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    1. R.T.--I hope you can find something by him. I would like to hear? read? what your thoughts were if you did get a chance to read something by him.

      OOTD, I'm going to visit the Loren Eiseley Society web site and check out his bibliography and see what I'm missing. I have a number of his works, but I suspect there are some I don't have.

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  2. And it was just yesterday I put Loren Eiseley on my Travel/nature list of books to read. How convenient, Fred, thank you.

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    1. Shadow Flutter--he has some very interesting travel books, several of which I've read.

      Perhaps it's more than a coincidence?

      Reading Eiseley is the perfect antidote (for me anyway) to the poisonous atmosphere we live in today.

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  3. I have never heard of Eiseley. He sounds a bit like Thoreau in seeking understanding about reality in nature. I'm not clear what he is saying really. What is queer about the world. What is his point of comparison? What answers does he believe other people are seeking? What is he seeking?

    I guess I'm too concrete.

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    1. Sharon--life is strange or queer. We are so used to it that we take it for granted. Take some time out to just simply look at a flower, a tree, an insect, a bird, or your pet. Get rid of all you know about it and just watch.

      Life is strange. As far as we know, Earth has the greatest abundance of life--types and quantity--for millions of miles in the galaxy, or universe actually.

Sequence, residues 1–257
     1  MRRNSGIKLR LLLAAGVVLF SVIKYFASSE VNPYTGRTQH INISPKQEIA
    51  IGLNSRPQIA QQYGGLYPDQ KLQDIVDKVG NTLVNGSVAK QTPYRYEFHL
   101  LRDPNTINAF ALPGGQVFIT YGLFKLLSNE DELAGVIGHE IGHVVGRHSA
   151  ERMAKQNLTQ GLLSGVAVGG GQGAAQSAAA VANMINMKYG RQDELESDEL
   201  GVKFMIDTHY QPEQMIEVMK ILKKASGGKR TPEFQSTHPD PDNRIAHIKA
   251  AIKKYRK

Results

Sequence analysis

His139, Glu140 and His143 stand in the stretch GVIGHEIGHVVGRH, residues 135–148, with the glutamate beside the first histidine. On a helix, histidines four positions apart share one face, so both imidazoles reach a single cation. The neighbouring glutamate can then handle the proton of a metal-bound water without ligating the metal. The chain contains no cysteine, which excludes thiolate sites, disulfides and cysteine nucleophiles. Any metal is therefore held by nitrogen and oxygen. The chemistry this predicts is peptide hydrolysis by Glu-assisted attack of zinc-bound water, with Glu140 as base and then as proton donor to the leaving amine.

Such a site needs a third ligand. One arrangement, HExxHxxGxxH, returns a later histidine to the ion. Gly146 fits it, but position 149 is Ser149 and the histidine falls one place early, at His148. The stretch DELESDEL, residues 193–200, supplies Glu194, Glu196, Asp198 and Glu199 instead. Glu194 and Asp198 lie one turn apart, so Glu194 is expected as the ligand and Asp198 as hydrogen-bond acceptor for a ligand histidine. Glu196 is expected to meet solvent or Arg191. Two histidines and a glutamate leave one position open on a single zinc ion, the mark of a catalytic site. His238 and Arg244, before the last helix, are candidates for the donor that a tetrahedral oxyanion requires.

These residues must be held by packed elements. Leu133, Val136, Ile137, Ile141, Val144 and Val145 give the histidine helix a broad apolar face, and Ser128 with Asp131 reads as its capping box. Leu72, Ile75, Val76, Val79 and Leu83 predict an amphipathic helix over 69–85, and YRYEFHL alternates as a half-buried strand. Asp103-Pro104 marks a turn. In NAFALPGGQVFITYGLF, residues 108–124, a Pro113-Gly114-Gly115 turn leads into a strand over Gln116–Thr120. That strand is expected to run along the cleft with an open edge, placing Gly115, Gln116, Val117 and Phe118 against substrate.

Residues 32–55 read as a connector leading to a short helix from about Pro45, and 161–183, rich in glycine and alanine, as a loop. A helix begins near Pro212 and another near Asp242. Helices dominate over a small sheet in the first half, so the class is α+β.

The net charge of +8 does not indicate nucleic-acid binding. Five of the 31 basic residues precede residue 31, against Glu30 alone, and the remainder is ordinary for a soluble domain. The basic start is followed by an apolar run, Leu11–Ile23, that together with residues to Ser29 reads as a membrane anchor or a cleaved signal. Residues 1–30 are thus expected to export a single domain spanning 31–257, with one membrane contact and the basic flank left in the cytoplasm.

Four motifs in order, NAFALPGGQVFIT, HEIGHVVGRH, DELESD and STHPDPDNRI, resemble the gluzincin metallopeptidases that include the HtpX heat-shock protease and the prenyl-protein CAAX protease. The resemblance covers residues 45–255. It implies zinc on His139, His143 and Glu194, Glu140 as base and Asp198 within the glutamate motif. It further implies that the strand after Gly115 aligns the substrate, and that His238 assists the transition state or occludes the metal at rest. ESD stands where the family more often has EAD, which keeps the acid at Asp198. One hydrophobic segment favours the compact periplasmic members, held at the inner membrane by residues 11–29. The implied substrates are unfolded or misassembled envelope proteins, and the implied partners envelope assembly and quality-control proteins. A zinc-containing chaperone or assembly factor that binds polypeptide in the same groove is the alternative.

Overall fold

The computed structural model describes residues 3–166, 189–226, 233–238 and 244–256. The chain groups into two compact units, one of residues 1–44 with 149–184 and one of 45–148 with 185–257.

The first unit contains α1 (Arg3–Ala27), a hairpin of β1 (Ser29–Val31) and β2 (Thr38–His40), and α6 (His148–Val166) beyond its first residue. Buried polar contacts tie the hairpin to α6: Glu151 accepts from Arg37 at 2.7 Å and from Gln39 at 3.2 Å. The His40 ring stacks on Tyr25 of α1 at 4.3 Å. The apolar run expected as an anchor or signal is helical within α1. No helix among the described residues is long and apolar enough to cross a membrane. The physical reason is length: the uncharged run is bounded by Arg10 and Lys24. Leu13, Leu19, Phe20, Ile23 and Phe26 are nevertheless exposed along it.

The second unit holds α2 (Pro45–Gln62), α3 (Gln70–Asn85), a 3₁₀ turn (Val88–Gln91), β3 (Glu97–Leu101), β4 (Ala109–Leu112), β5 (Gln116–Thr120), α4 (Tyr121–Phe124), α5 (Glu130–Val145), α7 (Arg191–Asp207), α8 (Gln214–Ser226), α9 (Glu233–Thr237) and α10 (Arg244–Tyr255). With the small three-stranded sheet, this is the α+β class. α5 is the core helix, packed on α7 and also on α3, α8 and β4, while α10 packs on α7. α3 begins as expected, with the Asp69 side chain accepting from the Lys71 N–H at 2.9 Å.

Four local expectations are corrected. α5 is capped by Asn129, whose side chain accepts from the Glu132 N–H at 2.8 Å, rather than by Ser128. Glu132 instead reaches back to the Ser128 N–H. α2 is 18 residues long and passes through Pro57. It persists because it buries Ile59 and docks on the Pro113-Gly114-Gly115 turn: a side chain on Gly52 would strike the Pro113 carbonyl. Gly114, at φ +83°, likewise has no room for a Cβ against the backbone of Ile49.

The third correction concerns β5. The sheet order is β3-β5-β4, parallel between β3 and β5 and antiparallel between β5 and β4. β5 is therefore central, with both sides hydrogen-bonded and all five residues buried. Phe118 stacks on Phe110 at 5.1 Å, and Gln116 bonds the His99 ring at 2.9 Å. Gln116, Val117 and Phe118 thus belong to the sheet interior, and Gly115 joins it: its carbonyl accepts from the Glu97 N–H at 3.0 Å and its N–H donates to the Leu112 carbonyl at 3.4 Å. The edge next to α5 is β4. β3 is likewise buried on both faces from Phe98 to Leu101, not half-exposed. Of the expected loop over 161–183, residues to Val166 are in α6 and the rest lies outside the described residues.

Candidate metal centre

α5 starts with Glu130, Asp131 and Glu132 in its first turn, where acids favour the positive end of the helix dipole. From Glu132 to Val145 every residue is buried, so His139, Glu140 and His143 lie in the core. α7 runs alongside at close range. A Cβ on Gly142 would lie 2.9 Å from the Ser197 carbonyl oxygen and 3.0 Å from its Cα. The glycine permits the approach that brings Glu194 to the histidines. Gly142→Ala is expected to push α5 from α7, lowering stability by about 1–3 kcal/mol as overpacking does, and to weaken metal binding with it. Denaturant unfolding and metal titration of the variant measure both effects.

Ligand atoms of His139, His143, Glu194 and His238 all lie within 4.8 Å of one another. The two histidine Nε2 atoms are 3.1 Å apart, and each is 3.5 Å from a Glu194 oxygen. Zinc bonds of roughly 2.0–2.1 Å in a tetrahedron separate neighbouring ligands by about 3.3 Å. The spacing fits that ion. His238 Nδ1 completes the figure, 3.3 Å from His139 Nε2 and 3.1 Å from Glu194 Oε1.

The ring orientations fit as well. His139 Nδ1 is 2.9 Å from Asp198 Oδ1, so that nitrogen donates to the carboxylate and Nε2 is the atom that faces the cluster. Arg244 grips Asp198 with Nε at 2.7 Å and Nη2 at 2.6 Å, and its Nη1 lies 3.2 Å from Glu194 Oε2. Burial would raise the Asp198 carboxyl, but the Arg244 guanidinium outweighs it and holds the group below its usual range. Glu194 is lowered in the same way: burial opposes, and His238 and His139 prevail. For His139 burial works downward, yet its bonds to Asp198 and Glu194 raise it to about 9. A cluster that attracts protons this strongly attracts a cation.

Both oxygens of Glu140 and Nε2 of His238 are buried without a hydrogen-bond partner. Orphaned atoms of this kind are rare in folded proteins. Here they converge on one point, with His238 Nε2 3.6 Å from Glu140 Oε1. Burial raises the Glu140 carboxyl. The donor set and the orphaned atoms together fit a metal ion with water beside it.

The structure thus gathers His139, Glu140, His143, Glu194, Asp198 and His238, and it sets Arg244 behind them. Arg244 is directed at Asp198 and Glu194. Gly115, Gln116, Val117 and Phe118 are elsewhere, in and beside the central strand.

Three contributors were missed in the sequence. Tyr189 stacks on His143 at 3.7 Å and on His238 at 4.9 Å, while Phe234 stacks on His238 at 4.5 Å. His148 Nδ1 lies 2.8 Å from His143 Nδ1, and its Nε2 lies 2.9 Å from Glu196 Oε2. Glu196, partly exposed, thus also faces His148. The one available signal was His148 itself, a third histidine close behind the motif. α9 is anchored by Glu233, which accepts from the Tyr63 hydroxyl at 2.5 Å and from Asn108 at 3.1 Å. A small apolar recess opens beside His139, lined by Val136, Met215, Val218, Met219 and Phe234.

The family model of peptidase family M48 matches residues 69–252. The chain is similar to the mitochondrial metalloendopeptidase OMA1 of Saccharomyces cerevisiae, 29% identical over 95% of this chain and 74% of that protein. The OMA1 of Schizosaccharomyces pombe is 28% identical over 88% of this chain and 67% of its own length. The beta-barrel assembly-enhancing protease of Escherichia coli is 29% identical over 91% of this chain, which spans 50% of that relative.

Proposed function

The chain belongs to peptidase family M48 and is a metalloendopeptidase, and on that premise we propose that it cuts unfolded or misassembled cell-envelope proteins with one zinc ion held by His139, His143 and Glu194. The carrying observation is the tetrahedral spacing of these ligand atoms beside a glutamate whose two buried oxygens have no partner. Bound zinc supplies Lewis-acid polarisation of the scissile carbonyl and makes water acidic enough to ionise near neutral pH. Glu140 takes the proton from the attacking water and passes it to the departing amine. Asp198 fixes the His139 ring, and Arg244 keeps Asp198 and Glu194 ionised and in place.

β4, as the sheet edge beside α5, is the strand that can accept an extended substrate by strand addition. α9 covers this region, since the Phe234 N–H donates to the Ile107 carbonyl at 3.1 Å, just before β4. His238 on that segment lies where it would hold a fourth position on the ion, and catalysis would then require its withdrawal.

Life is not only strange but it is rare in the immensity of the university.

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    2. this sort of contemplation is what led me into Haiku, and various awakening experiences... Eiseley was one of the rare true seers...

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    3. Mudpuddle--he is one of the few authors who are on my "must read" list, and he's been there for over 50 years now. He is also on a much smaller list, my "must have" list. Most authors I first try for a library copy and only then, if I need the book, will buy it. If I learn of a book by Eiseley that I don't have, I will immediately buy it.

      I find it immensely relaxing and satisfying to read one or more of his essays, even if it poses questions which I can't answer or come up with an answer that differs from his.

      A true seer, yes and they are rare, as you say.

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  4. I have read bits of Eiseley here and there, and evidently should read more. Wright Morris gives an interesting picture of Eiseley as friend and neighbor in his memoir A Cloak of Light.

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    1. George--I find his essays a very rewarding read. It's a mix of personal anecdote, science, philosophy, and wonder at the universe.

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  5. I have not read Eiseley but it sounds as if might like him a lot.

    I look forward to your upcoming commentary. I also find the above quotation enigmatic but I also think that the world is a very queer place.

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    1. Brian Joseph--if you find this world a very queer place, I think you will find Eiseley an absorbing essayist.